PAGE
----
Backblaze is an online backup application. I use it and recommend it for many residential clients. Some clients might prefer CrashPlan for Business, which is a competing online backup service I also use and recommend. In my experience Backblaze is a bit easier to setup and monitor. CrashPlan’s appeal is that it offers longer file retention capabilities, however it also costs more. This Cloudwards article provides a thorough comparison of Backblaze and CrashPlan.
To get started with Backblaze you can either buy a subscription using my referral link (so I get a free month of service) or try their 15-day free trial. A Personal subscription costs $60/year as of mid-2020 and provides unlimited storage space. Backblaze performs backups on a continuous basis. (Note: As of mid-2022 the price has increased to $70/year)
Here are some brief instructions that’ll hopefully get you started.
Once you’ve either bought a subscription or signed up for a trial, you’ll be allowed to download the Backblaze installer. As of mid-2020, Backblaze requires macOS 10.9 or higher.
Open the Backblaze installer and follow its prompts to install Backblaze on your Mac.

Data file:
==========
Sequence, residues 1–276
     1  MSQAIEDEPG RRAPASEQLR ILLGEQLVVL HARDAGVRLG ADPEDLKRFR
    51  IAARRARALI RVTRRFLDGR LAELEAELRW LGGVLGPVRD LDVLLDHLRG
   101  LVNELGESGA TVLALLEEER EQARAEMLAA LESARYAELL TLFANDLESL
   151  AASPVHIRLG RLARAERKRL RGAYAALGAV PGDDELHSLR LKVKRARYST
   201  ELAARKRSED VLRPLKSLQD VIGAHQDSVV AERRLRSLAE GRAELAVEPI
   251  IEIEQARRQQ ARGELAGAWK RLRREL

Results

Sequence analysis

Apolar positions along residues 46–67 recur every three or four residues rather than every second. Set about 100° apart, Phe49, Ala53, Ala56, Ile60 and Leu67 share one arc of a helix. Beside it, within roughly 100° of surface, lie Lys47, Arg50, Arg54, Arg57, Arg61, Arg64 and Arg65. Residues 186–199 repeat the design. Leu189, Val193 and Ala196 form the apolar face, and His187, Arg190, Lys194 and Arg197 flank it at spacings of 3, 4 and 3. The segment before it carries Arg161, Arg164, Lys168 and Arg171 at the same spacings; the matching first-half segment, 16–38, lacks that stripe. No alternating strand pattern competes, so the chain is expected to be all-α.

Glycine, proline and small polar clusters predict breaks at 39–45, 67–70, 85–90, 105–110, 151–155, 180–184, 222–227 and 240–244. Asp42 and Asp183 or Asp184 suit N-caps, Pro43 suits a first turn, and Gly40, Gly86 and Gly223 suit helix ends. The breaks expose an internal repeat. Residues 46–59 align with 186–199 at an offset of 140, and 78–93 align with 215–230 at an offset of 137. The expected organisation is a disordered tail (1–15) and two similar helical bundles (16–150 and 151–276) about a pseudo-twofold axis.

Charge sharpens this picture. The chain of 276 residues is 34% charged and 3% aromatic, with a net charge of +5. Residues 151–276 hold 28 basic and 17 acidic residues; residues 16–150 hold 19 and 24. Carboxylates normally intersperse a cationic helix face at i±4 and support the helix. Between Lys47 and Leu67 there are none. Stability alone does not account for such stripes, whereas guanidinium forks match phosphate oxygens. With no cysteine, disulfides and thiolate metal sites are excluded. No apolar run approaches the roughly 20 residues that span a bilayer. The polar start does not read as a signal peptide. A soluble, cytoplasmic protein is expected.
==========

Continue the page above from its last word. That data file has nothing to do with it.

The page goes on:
To monitor and configure Backblaze, click on the Apple menu and select System Preferences. Then you’ll see a Backblaze icon on the bottom row of icons. If your Mac is using macOS 13 Ventura or newer, click on the Apple menu and select System Settings. Then you’ll see a Backblaze icon near the bottom of the left-hand column. Refer to Backblaze’s Settings Overview for a tour and explanation of its capabilities and settings.
Backblaze starts its initial backup automatically as soon as it’s installed. By default, it’ll backup your Home folder which contains all of your data. In System Preferences you’ll see indication that it’s working on the Initial Backup.
- The initial back up could take days or weeks to complete depending upon how much data you’ve selected and the speed of your Internet connection. Until this initial backup is complete you don’t have much protection. I think Backblaze is a nice supplemental backup to local backups performed by Time Machine.
- If you’re using macOS Catalina or newer, then you need to make sure you grant Full Disk Access to Backblaze. When you initially install Backblaze you’ll be notified that you need to grant these permissions. Follow the instructions listed or refer to my article about how to grant Full Disk Access to Backblaze.
- Please review which file types are being excluded by Backblaze by default.
- If you want to backup an external hard drive, you’ll need to visit the General Settings area.
- If you want to set your own personal encryption password to ensure that others can’t access your online backup data, visit the Security Settings area.
- By default, Backblaze performs backups continuously. If you want to configure it to perform backups less often then visit the Schedule Settings area.